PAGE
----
Digihaler Overview (for Asthma)

A “Digihaler” is a high-tech asthma inhaler that uses Bluetooth technology to transmit information about how you use it to an app on your smartphone. The information can then be given to your healthcare provider and used to make decisions about your asthma treatment.

While the technology is new, the medications used in Digihalers are not new to the pharmaceutical market. Here’s everything you should know about using a Digihaler to manage your asthma.

An unseen person holding an inhaler and smartphone

Richard Bailey / Getty Images

Types of Digihalers

A few types of Digihalers are available, and the market is rapidly expanding. Examples are provided below.

While the data collection and transmission functions are similar, the medications in each inhaler are different. Your doctor will help you figure out which one is best for you.

ProAir Digihaler

The ProAir Digihaler is a rescue inhaler approved for the use of bronchospasm, including exercise-induced bronchospasm, in people over the age of 4 years.


The inhaler contains a powdered form of albuterol sulfate, a bronchodilator commonly used to treat asthma. It also has a built-in electronic module that transmits information about its use to a smart device through a downloaded app.

You can use the medication whether or not you have the app downloaded.

Side Effects

Common side effects of albuterol include:

  • Increased heart rate
  • Feeling shaky or nervous (excitability)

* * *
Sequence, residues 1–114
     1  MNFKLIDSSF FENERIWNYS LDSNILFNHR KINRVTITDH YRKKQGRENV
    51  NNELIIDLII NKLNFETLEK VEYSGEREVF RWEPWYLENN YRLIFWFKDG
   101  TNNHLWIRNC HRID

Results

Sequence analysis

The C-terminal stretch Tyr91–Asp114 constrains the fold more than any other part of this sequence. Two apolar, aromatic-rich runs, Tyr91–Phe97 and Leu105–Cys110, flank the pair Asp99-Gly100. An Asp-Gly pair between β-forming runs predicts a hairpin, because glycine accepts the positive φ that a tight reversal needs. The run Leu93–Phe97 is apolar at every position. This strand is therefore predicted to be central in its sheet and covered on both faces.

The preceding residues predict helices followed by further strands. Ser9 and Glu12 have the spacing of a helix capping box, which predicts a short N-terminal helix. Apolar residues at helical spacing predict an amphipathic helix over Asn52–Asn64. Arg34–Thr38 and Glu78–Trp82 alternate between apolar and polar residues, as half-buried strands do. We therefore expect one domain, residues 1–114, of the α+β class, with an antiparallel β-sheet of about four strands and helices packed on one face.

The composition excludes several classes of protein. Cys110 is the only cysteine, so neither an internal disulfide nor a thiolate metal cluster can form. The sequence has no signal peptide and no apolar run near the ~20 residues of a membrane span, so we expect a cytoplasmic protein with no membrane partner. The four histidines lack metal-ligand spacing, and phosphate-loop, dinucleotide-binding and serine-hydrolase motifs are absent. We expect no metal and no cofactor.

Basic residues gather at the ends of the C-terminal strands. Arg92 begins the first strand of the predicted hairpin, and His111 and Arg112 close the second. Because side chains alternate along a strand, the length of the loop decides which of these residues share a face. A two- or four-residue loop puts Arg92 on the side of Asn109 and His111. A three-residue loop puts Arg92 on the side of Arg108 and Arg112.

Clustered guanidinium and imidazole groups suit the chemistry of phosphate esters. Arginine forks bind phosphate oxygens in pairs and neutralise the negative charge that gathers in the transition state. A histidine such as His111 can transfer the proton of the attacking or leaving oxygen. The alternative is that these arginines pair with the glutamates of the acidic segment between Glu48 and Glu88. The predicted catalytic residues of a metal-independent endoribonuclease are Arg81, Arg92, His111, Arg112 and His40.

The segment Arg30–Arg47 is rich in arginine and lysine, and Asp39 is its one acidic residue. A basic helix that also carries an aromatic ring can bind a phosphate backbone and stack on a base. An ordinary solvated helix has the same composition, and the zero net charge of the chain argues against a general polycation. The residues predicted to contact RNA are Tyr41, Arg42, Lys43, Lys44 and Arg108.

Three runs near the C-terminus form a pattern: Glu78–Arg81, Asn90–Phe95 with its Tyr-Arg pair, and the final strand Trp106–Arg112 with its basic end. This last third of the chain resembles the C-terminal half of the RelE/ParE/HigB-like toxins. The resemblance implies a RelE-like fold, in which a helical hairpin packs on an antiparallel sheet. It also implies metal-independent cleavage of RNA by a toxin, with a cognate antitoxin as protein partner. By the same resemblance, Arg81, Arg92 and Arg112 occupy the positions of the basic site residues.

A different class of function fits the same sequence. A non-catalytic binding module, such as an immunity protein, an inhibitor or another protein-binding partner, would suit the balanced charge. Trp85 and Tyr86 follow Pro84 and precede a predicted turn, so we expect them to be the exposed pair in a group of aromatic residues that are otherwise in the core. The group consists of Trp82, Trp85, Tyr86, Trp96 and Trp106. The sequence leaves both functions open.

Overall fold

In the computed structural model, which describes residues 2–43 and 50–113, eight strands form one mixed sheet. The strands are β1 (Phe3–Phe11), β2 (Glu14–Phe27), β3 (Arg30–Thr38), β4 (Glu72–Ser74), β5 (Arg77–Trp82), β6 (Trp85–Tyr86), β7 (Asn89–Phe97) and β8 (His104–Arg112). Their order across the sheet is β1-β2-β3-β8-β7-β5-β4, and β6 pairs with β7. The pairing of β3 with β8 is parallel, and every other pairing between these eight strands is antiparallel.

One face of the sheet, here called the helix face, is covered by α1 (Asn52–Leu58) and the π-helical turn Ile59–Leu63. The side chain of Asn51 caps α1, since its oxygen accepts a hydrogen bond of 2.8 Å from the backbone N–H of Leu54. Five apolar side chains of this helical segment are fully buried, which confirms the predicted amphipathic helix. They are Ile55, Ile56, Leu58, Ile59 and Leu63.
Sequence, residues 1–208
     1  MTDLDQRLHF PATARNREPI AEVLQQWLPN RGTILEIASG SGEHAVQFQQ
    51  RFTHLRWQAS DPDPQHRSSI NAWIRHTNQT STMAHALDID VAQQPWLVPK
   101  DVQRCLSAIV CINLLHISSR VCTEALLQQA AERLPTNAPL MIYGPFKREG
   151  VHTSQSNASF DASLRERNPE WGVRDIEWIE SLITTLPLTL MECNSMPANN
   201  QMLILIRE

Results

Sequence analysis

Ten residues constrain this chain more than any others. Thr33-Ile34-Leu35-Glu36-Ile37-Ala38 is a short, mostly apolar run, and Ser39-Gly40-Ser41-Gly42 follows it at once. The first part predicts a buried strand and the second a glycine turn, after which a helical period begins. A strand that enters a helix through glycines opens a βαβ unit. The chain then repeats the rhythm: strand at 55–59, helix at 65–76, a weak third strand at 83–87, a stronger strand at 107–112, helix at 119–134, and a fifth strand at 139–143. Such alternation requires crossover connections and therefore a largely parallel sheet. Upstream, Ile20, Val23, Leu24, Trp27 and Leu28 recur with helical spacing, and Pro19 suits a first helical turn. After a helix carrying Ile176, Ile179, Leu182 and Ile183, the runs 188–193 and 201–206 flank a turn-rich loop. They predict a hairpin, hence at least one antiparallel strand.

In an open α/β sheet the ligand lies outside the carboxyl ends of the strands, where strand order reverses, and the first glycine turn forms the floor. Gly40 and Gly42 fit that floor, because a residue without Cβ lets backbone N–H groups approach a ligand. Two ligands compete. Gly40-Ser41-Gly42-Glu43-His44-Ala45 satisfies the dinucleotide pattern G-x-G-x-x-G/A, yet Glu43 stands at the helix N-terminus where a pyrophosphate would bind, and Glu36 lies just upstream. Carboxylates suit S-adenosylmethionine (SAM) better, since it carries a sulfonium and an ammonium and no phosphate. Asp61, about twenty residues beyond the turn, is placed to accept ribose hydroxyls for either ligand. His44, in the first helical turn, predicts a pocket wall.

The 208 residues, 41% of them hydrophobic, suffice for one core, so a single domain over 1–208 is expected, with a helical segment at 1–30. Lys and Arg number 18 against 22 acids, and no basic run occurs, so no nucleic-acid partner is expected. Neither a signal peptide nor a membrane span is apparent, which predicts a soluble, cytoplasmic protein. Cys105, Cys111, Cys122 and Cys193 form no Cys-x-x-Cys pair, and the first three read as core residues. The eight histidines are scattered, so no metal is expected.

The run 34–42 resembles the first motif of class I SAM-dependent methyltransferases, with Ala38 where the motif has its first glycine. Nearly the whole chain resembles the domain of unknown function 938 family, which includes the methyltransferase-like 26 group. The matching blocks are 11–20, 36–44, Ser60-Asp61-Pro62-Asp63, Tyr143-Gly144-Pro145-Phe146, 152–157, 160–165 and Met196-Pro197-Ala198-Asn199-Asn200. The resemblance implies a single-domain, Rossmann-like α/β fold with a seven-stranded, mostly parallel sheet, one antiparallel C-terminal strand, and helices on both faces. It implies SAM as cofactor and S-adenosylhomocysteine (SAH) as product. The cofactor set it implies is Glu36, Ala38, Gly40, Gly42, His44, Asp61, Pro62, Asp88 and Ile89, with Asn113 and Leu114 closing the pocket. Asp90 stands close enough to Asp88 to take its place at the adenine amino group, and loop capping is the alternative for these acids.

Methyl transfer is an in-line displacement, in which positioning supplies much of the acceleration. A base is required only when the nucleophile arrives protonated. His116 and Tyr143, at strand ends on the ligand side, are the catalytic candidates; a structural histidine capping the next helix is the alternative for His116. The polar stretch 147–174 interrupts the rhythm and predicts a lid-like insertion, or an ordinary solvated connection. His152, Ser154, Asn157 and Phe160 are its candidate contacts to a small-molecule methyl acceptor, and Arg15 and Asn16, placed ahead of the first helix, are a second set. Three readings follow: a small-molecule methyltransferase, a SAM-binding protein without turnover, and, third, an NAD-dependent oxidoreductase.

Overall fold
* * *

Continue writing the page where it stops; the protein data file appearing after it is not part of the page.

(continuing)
• Dizziness
  • Headache
  • Upset stomach

Less common side effects include decreased potassium levels and high blood sugar.

Studies are currently being conducted to determine whether the ProAir Digihaler is beneficial for use in the treatment of COPD.


If you’ve ever had an allergic reaction to albuterol, you should not use the ProAir Digihaler or an inhaler that contains albuterol.

If you are pregnant or breastfeeding, ask your doctor if it’s OK for you to use an albuterol inhaler.

You should also tell your doctor about any medications that you already take because albuterol can interact with other medications.

AirDuo Digihaler

The AirDuo Digihaler contains fluticasone propionate and salmeterol powder for the prevention and maintenance of asthma symptoms. It is not a rescue inhaler. It is approved for use in people ages 12 and older.


The first ingredient in the AirDuo Digihaler is fluticasone, which is a corticosteroid. When used in an inhaled form at regular intervals, the medication prevents asthma symptoms by reducing airway inflammation.

The AirDuo Digihaler is not a rescue inhaler and not effective for relieving the symptoms of an acute asthma attack. It is important to use AirDuo on a regular basis as prescribed.

The other ingredient is salmeterol, a long-acting beta-agonist that prevents bronchospasms by relaxing and dilating the airways. It is not effective at stopping an acute asthma attack.

Side Effects

Common side effects of fluticasone include:

Possible side effects of salmeterol can include:

  • Nervousness and shaking
  • Headache
  • Dizziness
  • Cough
  • Nausea
  • Heartburn

ArmonAir Digihaler

The ArmonAir Digihaler is approved for people over the age of 12. It contains fluticasone propionate powder. The inhaler’s built-in module automatically records information about its use when the cap is removed or when you inhale.

The ArmonAir Digihaler is available in three doses—55mcg, 113mcg, and 232mcg—for the maintenance and prevention of asthma attacks.

Other “Smart” Inhalers

The inhalers with the name “Digihaler” are all made by a company named Teva. There are also similar technologies on the market that do not go by the name “Digihaler.”

Propeller Health